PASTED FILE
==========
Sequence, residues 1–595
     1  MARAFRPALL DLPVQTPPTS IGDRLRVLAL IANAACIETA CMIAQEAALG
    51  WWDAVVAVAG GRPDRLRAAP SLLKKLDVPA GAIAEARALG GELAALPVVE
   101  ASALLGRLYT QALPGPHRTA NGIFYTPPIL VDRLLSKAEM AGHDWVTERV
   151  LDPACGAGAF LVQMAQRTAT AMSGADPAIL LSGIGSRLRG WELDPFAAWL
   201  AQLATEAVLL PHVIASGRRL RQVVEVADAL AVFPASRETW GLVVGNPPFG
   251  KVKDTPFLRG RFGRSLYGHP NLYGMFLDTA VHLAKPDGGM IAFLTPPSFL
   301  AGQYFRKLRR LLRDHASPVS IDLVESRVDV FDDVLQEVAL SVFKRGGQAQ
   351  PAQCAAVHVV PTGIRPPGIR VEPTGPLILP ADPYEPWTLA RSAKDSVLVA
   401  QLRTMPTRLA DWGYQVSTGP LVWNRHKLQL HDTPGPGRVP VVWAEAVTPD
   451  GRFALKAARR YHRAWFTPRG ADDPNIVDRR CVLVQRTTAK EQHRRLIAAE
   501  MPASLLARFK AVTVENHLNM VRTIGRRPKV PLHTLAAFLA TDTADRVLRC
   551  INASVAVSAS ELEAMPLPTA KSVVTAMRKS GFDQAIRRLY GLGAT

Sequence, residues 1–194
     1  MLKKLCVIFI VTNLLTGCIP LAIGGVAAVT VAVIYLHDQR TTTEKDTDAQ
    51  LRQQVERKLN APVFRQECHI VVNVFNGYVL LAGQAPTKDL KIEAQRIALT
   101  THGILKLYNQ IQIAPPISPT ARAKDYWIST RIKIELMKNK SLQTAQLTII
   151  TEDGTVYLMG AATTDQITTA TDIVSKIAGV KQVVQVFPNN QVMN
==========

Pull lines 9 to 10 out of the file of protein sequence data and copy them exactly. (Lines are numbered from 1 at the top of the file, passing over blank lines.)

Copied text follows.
   351  PAQCAAVHVV PTGIRPPGIR VEPTGPLILP ADPYEPWTLA RSAKDSVLVA
   401  QLRTMPTRLA DWGYQVSTGP LVWNRHKLQL HDTPGPGRVP VVWAEAVTPD